I hope my mother and I behave ourselves.

If you are in London on Saturday night and you wish to stalk me, I've set aside the evening for meeting with Internet friends. The plan is for me to wait at the Saigon Mekong Restaurant for a couple of hours. If anyone shows up, I'll have a friend. If nobody does, I'll eat by myself and cry into my vermicelli noodles.

Saigon Mekong Restaurant
48 Queensway, Bayswater, London, W2 3RY Map
Telephone: 020 7229 9111

Saturday August 27

I'll see you there. Or not.

Saturday, August 20, 2005

Updates on various things:

I saw a secondhand cello on Friday afternoon that I found entirely by accident on Craigslist. The owner bought it from Violin Makers in 1997 for $1,200 (I saw the receipt), took one cello lesson, and put it in a corner for eight years. On the inside label, it says it's a Hoffman, model SC2 (Strad Copy, maybe?), imported from Korea and tweaked in America according to MARC standards, whatever the hell they are. I found a reference to Hoffman violins here, but it doesn't seem to fit. The strings are old and cruddy, and the soundpost is floating around inside. But judging from the condition of the varnish, it really does look like it's just been sitting in a corner for eight years. The owner seems to think this is a good thing. I guess he doesn't know how much better string instruments sound when they are played regularly.

He's asking $1800, which includes a hard case, padding bag for air travel, and a (crud) bow.

It's difficult to decide what to do - I can't tell how the cello sounds and plays until the soundpost is repositioned and it's strung with a new set of good strings. Unfortunately, Violin Makers isn't open on weekends - I would have stopped in and asked for advice. Since he would have to supply a couple hundred dollars' worth of service and strings, and I'd probably buy a bow from him as well, I can't imagine he'd be too dishonest about it. Now I'll have to wait until I come back from the UK.

I'm "busy" packing for London, which is to say, I'm moving very slowly and getting very little done. With shock, I realized today that I need to give my parents some sort of amazing present. Stupid Melissa! I should have thought of this long ago. So much for being a good Asian daughter.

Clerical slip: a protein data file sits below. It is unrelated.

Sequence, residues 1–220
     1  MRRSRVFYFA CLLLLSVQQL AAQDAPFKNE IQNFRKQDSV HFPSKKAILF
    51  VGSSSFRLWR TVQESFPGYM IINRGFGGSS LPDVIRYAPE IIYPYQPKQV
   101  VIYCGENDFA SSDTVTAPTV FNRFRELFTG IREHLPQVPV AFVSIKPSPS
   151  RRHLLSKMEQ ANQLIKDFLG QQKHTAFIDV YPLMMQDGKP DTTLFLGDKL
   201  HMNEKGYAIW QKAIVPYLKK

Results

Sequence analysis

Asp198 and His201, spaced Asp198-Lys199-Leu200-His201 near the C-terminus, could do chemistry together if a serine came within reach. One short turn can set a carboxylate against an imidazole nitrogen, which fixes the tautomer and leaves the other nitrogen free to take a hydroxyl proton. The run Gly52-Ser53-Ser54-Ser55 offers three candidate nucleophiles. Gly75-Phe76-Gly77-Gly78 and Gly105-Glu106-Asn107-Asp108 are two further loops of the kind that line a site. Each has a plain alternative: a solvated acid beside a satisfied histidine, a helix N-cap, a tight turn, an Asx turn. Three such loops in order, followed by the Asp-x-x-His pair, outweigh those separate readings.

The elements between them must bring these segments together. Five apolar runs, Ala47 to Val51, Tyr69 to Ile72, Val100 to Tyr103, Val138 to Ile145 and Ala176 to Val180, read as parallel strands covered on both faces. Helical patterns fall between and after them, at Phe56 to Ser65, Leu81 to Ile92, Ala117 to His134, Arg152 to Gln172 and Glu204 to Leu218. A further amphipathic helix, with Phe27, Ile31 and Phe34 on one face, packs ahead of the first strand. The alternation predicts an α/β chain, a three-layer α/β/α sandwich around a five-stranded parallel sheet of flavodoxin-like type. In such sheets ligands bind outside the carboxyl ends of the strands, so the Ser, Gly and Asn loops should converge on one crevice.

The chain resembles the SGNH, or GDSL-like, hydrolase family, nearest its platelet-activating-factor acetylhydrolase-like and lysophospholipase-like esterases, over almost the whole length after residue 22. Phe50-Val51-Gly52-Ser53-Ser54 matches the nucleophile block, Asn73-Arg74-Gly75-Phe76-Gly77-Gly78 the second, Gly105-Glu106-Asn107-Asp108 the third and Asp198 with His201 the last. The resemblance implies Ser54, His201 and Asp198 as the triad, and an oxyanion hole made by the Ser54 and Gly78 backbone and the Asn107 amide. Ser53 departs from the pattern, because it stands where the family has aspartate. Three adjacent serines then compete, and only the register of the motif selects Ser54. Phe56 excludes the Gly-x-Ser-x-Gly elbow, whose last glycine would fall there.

I put my mind to it, and decided to throw together a scrapbook of photos, newspaper articles, programs, and certificates from the last two years. I haven't started on that yet, but I bought a scrapbook this afternoon.

After my wrenching experience with The Joy Luck Club last week, I thought it might be nice to get them a copy of the DVD or the book or something. Then I came up with a better idea. I could make my own audio book. I bought the paperback, and read the first thirty pages (one and a half hours) into a microphone tonight. Hrmm. Looks like this is going to be a much longer project than I thought. Maybe I'll give them the first couple of CDs when I'm in London and send them the rest as I complete them.

The Popcorn Hat summer camp had their final performance today just before Jack and the Beanstalk wrapped. While teaching at camp and performing to kids were terrific, I am so glad for the extra time I'll have during the day now. There's a website to finish, and a tour to book, and about a dozen other little officy things I've had to put off lately and am eager to put back on the table.

Mind you, there's still a lot of acting to be done - we are beginning rehearsals for our abridged version of Hamlet (I'm playing Ophelia, Horatio, Guildenstern, a player, as well as narrating a couple of short passages). Oh, I'm so excited. I started going over some of the scenes under my breath on a bus home the other day, and I started crying. I had to hide behind a chair to avoid drawing attention to myself. It's probably a hormonal thing, but I'm hoping it's a good sign.

Thursday, August 18, 2005

After what seems like an eternity of procrastination, the new Tears for Agnes CD Shui has finally been pressed and is available to the masses. Tears for Agnes is Matt Dunphy, Jordan Smith, and Melissa Dunphy noodling around on various instruments and computers. You can check out a preview mp3 of the material from Shui on the Tears for Agnes website.

Half of the CDs is being sold at the Charles Village Record & Tape Traders in Baltimore. The rest are being shipped to CD Baby.